Chapter 1 An Introduction to Marketing Research to link the consumer to the marketer by providing information that can be used in making marketing decisions. The AMA definition expands on our definition by telling us that the information provided by marketing research for decision making should represent the consumer. In fact, by mentioning the consumer, this implies that marketing research is consistent with the marketing concept because it links the consumer . . . to the marketer. The AMA definition is normative. That is, it tells us how marketing research should be used to ensure the firm is consumer oriented. We certainly agree with this but what should be done isnt always followed. Kevin J. Clancy and Peter C. Krieg, in their book Counterintuitive Marketing: Achieve Great Results Using Uncommon Sense, argue that many failures can be attributed to managers just making intuitive decisions. They implore managers to use research.6 We also want to point out that marketing research information is also collected on entities other than the consumer. Information is routinely gathered on members of distribution channels, employees, and all the environments, including competitors.7 Sometimes marketing research studies lead to the wrong decisions. We should point out here that just because a manager uses marketing research doesnt mean that the decisions based on the research are infallible. In fact, marketing research studies are not always accurate. There are plenty of examples when marketing research said a product would fail, yet if the product made it to market in spite of the research prognosis, the product turned out to be a resounding success. Jerry Seinfelds popular TV program, Seinfeld, is a good example of this. The marketing research that was conducted on the pilot for the Jerry Seinfeld TV show stated the show was so bad that executives gave up on the idea. It was six months before another manager questioned the accuracy of the research and resurrected the show, which became one of the most successful shows in television history.8 Likewise, marketing research studies also predicted that hair styling mousse and answering machines would fail if brought to market.9 There are also plenty of failures where marketing research predicted success. Most of these are removed from the shelves with as little fanfare as possible. A classic example of this was Beechams cold water wash product, Delicare. The new product failed even though marketing research predicted it would unseat the category leader, Woolite. When this happened, there was a great deal of publicity because Beecham sued the research company that predicted success.10 There are many other examples in which products or services have failed in spite of marketing research studies being conducted that supported them. The products discussed in Marketing Research Insight 1.1 are examples of such failures. But this doesnt mean marketing research is not useful. Remember, most marketing research studies are trying to understand and predict consumer behavior. Thats a pretty tough task and we should expect some erroneous predictions. The fact that the marketing research industry has been around for many years and is growing means that it has passed the toughest of all tests to prove its worththe test of the marketplace. If the industry did not provide value, it would cease to exist.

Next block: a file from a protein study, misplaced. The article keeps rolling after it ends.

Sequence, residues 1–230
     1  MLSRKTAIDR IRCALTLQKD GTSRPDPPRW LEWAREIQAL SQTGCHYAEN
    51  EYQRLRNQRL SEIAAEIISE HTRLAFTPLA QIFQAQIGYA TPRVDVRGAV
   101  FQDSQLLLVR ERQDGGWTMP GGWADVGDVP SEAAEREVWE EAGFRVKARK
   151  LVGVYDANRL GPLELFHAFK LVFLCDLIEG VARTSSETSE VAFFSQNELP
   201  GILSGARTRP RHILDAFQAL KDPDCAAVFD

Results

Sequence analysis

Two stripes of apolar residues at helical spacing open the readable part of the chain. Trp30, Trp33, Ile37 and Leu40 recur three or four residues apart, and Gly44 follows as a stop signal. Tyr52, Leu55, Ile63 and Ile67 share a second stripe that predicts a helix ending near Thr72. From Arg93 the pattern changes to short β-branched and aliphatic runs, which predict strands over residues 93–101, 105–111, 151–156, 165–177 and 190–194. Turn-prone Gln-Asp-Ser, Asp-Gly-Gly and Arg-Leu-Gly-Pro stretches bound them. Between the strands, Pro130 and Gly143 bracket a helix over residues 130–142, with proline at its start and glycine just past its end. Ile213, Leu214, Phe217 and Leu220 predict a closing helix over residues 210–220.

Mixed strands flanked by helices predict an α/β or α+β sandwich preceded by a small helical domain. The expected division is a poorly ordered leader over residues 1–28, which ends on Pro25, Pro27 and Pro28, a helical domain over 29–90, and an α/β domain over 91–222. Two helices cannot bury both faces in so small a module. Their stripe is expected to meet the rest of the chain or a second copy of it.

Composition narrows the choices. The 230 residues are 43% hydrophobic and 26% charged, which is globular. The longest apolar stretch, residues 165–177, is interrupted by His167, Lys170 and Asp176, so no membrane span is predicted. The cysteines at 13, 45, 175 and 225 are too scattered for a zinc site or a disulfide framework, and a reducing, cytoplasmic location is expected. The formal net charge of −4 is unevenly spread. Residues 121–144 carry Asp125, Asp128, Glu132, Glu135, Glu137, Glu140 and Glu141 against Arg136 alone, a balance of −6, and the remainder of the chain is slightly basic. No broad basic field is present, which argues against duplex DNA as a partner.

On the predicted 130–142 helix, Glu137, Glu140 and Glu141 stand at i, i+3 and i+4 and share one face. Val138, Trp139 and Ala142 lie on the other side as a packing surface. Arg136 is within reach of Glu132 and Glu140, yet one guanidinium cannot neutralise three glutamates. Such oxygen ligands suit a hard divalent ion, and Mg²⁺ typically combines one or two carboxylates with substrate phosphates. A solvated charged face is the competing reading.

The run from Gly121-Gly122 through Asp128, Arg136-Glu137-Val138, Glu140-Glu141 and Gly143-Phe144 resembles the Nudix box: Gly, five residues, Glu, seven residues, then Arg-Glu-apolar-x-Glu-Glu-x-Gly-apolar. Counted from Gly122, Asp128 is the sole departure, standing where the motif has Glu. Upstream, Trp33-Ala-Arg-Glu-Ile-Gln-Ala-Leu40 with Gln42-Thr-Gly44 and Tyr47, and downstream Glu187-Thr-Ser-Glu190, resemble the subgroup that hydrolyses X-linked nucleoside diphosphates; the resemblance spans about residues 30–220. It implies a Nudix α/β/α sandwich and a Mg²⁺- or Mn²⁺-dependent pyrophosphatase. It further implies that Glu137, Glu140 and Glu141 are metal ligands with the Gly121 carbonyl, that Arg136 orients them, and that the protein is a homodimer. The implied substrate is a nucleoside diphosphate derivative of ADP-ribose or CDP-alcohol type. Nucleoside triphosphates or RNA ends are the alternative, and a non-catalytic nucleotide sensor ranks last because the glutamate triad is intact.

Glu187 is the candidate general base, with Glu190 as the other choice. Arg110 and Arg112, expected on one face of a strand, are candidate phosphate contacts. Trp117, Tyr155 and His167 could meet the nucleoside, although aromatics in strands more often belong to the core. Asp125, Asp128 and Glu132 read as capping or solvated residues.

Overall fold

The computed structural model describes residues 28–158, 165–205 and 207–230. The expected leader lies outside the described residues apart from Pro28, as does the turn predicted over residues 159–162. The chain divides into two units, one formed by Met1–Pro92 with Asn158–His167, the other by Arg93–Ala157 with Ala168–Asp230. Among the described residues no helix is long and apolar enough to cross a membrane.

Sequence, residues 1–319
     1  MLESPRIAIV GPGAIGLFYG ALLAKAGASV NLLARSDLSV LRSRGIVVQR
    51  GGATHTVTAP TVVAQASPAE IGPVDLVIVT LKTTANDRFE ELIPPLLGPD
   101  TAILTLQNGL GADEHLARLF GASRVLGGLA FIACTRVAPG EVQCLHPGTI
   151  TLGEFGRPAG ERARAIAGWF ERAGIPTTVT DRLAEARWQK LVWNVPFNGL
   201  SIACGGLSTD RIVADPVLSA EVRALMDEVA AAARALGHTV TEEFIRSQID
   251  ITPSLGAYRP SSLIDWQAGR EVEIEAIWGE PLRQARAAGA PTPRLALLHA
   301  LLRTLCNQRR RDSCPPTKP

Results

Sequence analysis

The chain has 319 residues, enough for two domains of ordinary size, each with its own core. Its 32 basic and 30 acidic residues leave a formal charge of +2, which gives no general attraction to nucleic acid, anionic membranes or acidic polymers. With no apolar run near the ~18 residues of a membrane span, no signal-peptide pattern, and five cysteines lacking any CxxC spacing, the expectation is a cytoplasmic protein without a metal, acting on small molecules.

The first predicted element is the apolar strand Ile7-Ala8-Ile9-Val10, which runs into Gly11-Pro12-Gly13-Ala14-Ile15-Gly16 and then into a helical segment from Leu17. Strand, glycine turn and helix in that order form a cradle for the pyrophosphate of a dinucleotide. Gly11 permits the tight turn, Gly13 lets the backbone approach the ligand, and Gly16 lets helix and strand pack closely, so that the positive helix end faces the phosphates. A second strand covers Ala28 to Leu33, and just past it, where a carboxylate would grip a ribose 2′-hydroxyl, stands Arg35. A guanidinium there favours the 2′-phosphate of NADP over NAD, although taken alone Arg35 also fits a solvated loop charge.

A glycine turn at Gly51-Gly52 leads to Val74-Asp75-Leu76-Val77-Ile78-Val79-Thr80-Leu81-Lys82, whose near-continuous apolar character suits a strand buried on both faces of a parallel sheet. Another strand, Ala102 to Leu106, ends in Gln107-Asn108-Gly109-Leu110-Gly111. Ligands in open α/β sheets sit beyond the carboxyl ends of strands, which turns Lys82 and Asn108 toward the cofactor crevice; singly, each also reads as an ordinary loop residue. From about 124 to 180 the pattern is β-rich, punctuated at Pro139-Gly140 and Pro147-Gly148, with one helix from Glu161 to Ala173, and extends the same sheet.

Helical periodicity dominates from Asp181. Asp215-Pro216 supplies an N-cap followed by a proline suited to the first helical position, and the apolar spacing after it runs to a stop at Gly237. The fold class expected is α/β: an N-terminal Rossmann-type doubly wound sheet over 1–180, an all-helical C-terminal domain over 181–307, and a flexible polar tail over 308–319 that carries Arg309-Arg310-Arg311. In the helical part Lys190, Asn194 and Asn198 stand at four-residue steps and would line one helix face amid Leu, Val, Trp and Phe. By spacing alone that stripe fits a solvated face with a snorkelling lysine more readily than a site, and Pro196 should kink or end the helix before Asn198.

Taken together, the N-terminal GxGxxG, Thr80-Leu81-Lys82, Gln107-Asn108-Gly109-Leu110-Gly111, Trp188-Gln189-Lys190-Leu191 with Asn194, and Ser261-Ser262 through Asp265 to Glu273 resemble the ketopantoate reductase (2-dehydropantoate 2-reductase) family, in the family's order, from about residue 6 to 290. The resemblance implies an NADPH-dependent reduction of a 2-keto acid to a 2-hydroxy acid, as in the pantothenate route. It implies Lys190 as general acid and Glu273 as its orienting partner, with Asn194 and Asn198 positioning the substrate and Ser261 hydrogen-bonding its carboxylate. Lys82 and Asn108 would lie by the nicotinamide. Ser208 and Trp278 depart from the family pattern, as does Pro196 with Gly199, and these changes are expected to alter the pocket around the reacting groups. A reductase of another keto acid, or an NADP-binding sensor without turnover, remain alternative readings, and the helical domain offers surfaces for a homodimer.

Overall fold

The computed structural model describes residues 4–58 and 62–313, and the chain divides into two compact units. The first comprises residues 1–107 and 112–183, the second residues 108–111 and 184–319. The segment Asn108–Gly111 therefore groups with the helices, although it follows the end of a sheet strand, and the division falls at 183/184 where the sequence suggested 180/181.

Marketing research should be used to ensure the firm is consumer oriented, but some firms do not use marketing research.